New York Times (US)
"6" by Supersilent is a landmark album. It is a harrowing work of jazz, electronica and ambient textures that is as exciting as it is mind-blowing. Imagine the icy landscapes created by Sigur Ros, channeled through the experimental fusion of early Can and played in direct homage to Miles Davis circa the Pangaea era. That is as well as words can describe the sounds this band creates. It is all the more inspiring when you consider that the recording of this album was improvised live in the studio. According to Supersilent's website, the band members have little contact with each other outside of the studio and only come together during recording sessions. Incidentally, "6" is the fourth release by these Norwegians. Their early work, which has been described as bleak and hardcore, is replaced with a quietly evocative music that is a moving and elegiac wonder of sound. It is no mere hyperbole when I describe this work as probably one of the most inspiring pieces of music I've heard in years. Yet, as unsettling and experimental as it is, it is quite accessible. Barring Sigur Ros, it would be difficult to identify an artist or group capable of creating a work this fiercely intelligent, that is so movingly human and entrancing.
Ink 19 (US)
As the mark of a formidable group mind at work, there is always space available in the conjured ether of the quartet, as dense or sparse as the mood turns. Although broken into six sections, instead it all flows as one, tensing into climaxing crescendos that out-plateau the more popular Godspeed You! Black Emperor or Sigur Ros moments as well as dipping into an ebbing chill that loosens all fetters of ambient sound. A protean movement that somehow avoids the easy sectors of jazz, soundscape, instrumental rock, or noise-based improv, Supersilent instead goes deep into that which is unnameable.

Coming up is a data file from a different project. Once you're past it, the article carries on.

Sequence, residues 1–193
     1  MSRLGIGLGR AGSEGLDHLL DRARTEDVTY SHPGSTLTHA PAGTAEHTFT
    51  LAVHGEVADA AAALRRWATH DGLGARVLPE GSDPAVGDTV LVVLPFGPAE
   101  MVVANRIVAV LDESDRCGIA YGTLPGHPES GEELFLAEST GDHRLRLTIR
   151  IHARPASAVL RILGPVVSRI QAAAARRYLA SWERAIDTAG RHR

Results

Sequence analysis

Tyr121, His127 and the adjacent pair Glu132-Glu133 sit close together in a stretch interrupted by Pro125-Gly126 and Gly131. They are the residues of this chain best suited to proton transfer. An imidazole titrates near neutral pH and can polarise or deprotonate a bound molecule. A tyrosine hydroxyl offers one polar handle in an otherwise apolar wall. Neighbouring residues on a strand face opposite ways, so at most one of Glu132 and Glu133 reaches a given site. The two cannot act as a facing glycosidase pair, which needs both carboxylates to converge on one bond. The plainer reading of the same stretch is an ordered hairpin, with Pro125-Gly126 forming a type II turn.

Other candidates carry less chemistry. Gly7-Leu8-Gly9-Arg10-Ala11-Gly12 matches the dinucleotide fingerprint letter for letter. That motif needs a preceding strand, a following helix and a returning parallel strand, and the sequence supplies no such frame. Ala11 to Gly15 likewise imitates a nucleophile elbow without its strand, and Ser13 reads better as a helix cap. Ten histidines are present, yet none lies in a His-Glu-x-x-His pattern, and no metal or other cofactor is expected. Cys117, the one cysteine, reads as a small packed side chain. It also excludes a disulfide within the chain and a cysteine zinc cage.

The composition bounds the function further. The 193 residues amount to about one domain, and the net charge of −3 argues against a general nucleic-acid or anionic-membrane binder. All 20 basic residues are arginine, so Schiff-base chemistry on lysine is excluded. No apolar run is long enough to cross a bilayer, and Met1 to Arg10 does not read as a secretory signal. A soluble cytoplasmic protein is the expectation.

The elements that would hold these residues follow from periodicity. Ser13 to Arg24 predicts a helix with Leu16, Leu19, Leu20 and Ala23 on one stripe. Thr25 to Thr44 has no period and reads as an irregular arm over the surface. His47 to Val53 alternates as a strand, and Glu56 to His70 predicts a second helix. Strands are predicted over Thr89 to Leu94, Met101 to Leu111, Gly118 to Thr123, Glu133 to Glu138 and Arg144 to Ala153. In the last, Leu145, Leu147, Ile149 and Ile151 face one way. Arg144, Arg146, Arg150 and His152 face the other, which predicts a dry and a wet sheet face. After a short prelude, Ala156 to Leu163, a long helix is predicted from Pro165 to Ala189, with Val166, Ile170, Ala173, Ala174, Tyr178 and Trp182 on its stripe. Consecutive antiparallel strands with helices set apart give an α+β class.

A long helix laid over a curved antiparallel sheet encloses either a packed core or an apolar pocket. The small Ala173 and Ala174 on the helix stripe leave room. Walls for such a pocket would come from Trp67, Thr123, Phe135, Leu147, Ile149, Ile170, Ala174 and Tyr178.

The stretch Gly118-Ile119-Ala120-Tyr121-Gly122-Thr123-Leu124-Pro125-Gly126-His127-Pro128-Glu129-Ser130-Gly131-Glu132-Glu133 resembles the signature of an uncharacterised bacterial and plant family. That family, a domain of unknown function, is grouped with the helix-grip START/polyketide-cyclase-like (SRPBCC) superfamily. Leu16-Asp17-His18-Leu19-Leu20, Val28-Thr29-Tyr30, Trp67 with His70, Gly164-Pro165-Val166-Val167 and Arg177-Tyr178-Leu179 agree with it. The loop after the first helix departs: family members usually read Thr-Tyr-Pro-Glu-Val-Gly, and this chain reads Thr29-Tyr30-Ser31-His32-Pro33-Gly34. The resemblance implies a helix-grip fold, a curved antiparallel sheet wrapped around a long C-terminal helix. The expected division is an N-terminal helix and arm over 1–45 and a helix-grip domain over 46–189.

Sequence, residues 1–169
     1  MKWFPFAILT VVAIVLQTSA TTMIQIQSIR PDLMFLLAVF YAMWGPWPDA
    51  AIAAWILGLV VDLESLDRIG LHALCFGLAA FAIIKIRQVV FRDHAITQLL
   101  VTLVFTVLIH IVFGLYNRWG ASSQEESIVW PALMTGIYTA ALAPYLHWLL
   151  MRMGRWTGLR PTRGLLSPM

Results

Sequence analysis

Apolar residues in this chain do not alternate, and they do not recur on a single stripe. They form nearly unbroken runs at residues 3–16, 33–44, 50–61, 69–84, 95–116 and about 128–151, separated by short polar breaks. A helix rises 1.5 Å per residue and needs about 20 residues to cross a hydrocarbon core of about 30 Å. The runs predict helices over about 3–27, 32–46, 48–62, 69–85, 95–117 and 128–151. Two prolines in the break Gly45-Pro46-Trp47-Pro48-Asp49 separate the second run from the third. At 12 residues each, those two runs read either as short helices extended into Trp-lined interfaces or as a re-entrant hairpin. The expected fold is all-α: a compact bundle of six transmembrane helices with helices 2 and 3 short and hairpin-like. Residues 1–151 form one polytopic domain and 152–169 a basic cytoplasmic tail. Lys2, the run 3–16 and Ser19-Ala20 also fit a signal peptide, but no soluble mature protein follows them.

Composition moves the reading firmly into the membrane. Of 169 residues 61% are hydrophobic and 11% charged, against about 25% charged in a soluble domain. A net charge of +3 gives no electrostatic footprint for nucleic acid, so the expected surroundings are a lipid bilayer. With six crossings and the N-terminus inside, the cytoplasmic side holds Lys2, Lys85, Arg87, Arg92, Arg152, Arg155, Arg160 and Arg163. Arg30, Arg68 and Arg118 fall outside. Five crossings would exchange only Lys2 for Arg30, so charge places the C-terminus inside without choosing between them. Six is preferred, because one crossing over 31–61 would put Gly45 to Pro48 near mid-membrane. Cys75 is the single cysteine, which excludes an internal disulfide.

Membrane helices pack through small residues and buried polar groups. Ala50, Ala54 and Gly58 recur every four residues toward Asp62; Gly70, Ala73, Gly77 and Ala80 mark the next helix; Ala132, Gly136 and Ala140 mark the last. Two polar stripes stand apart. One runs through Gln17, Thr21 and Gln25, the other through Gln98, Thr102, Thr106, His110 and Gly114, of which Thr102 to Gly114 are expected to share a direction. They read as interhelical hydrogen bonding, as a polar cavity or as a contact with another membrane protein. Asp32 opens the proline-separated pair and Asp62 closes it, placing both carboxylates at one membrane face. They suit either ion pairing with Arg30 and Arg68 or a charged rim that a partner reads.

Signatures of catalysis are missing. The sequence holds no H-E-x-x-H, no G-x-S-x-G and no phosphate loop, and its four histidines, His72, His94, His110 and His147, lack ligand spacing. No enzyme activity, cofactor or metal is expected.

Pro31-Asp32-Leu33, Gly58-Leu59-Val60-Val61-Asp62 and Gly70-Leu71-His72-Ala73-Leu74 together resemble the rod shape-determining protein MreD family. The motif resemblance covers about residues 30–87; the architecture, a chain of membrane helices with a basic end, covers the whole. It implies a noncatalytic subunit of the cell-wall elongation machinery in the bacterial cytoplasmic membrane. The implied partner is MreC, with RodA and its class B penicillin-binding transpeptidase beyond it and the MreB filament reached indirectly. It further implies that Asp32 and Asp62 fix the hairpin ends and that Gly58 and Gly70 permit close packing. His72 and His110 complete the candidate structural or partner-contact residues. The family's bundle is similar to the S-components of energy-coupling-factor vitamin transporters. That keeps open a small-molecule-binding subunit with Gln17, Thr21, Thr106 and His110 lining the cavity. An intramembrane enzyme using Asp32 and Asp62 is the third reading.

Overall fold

With this album they reach another dimension. It«s a masterpiece.
The latest release from this versatile Norwegian quartet is an excellent set of improvised music that seems to draw as much from atmospheric, epic rock as it does from contemporary electronic and jazz traditions. The ever-changing spontaneity lends it a loose openness that rarely sounds like aimless wandering, and this CD continues to reveal new elements with each listen.
One of the most eerily beautiful and most accessible experimental records of the year so far, this Norwegian quartet's latest offering is enveloped by a mood that closely resembles something like a much darker version of Miles Davis' classic In a Silent Way, yet without falling anywhere near the jazz spectrum. Employing vintage keyboards-- some remarkably similar in sound to the dense analog tones of Pink Floyd's "Welcome to the Machine", as well as live manipulation and stoic drumming, this is Supersilent's finest record to date, and one that any fan of electronic, experimental, avant-garde, drone, ambient or jazz should be utterly consumed by.
Digital Nimbus (US)
If one group has distilled the icy Norwegian aesthetic into something new, it's Supersilent. When the band began in 1997, it was as if Aphex Twin had met the wilder side of King Crimson, pitting dark electronics against ferocious free-jazz. But after lineup changes and a new direction some years later, 6 solidified Supersilent and the all-Norwegian roster at Rune Grammofon as the figureheads of a new Nordic sound. The music often moves at a glacial pace, skimming the Aurora Borealis for alien textures. In particular, "6.2" reveals Supersilent's admiration for Miles Davis' electric period, but almost becomes an alternate world where smooth jazz is cool in a dark, dangerous way.